However, Jesus says “Touch Me not; for I am not yet ascended to my Father: but go to my brethren…”
And what was Jesus wanting His brethren to know after He had risen from the dead?
“…and say unto them, I ascend unto My Father, and YOUR FATHER; And to My God, and YOUR GOD.” (Vrs. 17) That’s what His death had accomplished! Our sins were washed away and we were given the right to become the sons of God. What a merciful God!
“God treated Christ as a sinner, so He could treat sinners like Christ.” (Rand Hummel)
Romans tells us that “The wages of sin is death.” This was our sentence to pay. Jesus had never sinned. He did not owe this debt. Yet He willingly paid it for us, and the resurrection is proof that God accepted His payment. Christ’s death and resurrection has given us direct access to the Father once more. And this good news was what Christ wanted to share with Mary and His disciples on that Easter morning so many years ago.
Time passed. Jesus was going to go to His Father again, now that he’d made it possible for us to join Him someday.
“A little while, and ye shall not see Me: and again, a little while, and ye shall see Me, because I go to the Father [who is also now YOUR Father]. In that day, ye shall ask in My name: and I say not unto you, that I will pray the Father for you: for the Father Himself loveth you, because ye have loved Me and have believed that I came from God. ” (John 17:16, 26-27).
“And it came to pass, while He blessed them, He was parted from them and carried up into heaven.” Their response? No more sorrow! “And they worshipped Him and returned to Jerusalem with great joy: and were continually in the temple, praising and blessing God.” Knowing the resurrected Christ certainly changed their outlook on everyday life, but even beyond that, we see their lives (and ours!) being changed for all of eternity!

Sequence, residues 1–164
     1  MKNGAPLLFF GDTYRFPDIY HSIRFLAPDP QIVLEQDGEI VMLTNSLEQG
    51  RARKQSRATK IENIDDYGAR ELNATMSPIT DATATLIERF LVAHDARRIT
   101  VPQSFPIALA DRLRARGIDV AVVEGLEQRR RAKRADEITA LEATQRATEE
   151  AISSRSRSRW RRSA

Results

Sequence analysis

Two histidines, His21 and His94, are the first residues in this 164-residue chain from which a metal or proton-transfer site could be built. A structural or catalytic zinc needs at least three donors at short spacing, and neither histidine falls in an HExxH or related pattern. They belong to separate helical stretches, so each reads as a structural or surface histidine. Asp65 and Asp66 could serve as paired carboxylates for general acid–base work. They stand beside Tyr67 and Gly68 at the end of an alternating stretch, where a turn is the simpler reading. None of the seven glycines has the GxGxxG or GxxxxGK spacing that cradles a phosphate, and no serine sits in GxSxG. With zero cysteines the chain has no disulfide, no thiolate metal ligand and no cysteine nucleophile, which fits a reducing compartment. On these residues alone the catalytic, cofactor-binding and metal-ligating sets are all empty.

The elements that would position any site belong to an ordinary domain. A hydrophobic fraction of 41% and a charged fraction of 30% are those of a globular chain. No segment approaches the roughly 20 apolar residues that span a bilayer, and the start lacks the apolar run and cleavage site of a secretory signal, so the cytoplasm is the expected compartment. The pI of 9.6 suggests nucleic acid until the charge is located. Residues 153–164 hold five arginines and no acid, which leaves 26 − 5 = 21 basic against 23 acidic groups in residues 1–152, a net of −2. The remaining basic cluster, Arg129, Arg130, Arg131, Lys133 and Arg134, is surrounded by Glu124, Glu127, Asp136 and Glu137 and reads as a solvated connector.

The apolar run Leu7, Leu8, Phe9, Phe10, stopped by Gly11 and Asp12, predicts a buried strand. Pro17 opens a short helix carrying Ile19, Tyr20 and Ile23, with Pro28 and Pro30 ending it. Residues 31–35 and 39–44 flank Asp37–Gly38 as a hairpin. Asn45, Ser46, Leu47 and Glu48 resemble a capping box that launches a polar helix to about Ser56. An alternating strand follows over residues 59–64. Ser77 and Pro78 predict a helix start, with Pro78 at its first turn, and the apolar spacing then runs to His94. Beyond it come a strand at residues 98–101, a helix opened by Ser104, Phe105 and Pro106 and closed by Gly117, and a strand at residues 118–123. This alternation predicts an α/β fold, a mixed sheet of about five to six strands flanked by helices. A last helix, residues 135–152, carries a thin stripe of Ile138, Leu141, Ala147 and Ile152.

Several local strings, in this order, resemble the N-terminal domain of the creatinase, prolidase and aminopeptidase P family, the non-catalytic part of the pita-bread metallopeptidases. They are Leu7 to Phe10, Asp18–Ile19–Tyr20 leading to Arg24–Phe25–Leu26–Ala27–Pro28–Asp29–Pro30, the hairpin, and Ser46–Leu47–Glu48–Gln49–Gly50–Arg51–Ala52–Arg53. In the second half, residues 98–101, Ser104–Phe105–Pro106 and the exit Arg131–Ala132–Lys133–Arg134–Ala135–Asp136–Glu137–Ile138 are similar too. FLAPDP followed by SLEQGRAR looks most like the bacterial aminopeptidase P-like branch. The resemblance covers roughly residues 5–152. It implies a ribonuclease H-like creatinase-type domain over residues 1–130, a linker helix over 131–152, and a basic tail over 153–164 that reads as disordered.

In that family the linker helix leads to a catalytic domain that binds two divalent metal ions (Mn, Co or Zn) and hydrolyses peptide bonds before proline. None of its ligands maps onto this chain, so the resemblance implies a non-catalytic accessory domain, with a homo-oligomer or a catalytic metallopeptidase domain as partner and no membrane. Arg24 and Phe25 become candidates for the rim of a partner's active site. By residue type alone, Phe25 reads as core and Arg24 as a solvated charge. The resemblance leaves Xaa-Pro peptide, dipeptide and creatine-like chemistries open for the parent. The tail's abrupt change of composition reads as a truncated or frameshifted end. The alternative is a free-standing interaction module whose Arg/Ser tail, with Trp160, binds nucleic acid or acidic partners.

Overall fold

Because of Christ’s death, bodily resurrection, and ascension, we now have the confident hope and expectation that one day
“the trumpet shall sound and the dead shall be raised incorruptible, and we shall be changed. For this corruptible must put on incorruption, and this mortal must put on immortality. So when this corruptible shall have put on incorruption and this mortal shall have put on immortality, then shall be brought to pass the saying that is written, ‘Death is swallowed up in victory. O death where is thy sting? O grave, where is thy victory? The sting of death is sin: and the strength of the sin is the law. But thanks be to God which giveth us the victory through our Lord Jesus Christ! (1 Cor 15:52-58)
There IS hope. He IS coming back. And for those of us who have chosen to accept His finished work on the cross, there WILL be an eternity to spend with Him. The resurrection is proof of this.
Can’t wait to meet my Savior in person, throw myself at his feet, and thank Him for all He did.
I am forever indebted.